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09 May, 2018

Letter from Britain: increasingly illiberal establishment and the challenge of Jeremy Corbyn

Britain prides itself on being a liberal state, tolerant of diverse points of view with a judicial system based on law and evidence, but its recent behavior has been anything but that.

by Alexander Mercouris

Part 2 - The Silence of the Skripals

The first—and the one which has attracted the most international attention—is the Skripal case, in which a father and daughter – Sergey and Yulia Skripal – became the subject of a massive international campaign after they were both found incapacitated on a public bench in the British provincial town of Salisbury, victims it is claimed of a deadly nerve agent attack.

The fact that Sergey and Yulia Skripal are Russians, that Sergey Skripal is a former Russian spy who defected to the British, and that the nerve agent used—supposedly A-234, one of the so-called ‘Novichok’ family of nerve agents developed in the Soviet Union in the later stages of the Cold War—immediately led to charges by the British government that the Russian authorities were responsible.

This is despite the fact that at the time when the first accusations against Russia were made the investigation of the attack on the Skripals by the British police had only just got underway, and as of the time of writing has still failed to produce a suspect.

The Russian authorities had previously pardoned Sergey Skripal and had themselves released him to the British—making any Russian motive for an attack on him difficult to understand. Meanwhile, anyone such as Labour leader Jeremy Corbyn, the leader of biggest opposition party in Parliament, who dared question the rush to judgment found themselves immediately labelled a “useful idiot” or Kremlin stooge.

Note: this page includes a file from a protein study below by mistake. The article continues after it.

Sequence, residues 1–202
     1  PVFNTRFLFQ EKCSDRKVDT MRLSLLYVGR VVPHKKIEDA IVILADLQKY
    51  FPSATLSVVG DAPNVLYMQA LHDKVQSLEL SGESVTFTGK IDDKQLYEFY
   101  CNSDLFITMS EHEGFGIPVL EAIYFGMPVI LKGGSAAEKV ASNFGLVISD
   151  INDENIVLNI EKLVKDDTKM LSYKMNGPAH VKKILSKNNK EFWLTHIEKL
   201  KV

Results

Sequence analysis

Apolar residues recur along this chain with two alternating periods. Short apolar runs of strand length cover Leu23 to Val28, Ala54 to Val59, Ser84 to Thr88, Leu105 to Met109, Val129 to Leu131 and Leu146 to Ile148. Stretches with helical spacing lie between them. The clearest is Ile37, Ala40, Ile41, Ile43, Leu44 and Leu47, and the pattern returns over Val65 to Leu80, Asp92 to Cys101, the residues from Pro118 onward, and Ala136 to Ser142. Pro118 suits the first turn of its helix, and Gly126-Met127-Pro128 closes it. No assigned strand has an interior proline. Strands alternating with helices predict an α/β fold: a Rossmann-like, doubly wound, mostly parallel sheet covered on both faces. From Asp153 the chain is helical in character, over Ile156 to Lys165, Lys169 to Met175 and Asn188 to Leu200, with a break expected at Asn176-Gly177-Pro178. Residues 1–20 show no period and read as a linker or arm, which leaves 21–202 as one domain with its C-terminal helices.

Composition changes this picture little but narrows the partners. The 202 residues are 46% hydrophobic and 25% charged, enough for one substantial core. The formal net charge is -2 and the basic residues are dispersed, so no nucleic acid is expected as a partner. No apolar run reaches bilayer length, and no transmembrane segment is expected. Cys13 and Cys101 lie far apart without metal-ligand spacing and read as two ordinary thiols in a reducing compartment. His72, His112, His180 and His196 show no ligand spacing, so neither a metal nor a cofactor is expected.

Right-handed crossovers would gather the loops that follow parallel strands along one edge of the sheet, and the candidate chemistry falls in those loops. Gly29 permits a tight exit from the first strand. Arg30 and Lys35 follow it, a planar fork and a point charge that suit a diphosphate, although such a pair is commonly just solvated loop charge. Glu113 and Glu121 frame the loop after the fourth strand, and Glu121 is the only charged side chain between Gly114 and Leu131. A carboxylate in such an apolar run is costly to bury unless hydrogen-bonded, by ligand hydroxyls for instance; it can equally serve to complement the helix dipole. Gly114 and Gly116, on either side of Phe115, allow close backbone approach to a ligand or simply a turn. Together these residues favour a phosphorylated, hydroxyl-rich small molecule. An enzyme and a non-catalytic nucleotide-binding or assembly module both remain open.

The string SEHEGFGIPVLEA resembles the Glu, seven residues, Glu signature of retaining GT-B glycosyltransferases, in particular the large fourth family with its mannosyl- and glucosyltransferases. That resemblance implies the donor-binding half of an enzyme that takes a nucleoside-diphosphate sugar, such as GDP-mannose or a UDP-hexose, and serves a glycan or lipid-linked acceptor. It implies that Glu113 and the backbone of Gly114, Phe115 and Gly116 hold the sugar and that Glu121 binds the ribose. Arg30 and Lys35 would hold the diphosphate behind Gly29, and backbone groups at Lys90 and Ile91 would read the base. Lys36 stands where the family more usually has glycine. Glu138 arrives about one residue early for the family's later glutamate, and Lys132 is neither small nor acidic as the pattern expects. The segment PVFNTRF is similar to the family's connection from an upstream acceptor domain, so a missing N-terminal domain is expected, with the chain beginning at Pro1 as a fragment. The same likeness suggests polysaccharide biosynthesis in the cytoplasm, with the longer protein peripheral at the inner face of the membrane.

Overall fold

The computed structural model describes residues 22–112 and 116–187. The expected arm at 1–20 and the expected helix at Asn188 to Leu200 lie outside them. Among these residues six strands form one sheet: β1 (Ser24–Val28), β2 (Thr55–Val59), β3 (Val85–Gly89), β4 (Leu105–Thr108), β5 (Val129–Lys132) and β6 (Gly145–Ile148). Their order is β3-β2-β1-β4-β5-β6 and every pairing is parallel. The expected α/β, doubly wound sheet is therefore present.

The disclosure that British scientists are unable to confirm that the nerve agent used to poison the Skripals was made in Russia—as opposed to being merely “developed” there—and that other countries such as Czechoslovakia, for example, also manufactured Novichok agents, has had no significant impact on the British government’s or the British media’s reporting of the case.

The suppression of all public questioning of the theory (as of the time of writing it is still only a theory) of Russian guilt has now been followed up by the effective disappearance of the two victims of the attack: Sergey and Yulia Skripal.

Not only have the British flatly refused the Russians consular access to them—violating both British and international law in the process—but after announcing news of their unexpected recovery, British authorities have ensured that no-one, even members of their family, has had access to them either.

There is no word of their condition or whereabouts, and, more troubling still, no discussion in the British media of what has become of them or that they have to all intents and purposes disappeared.

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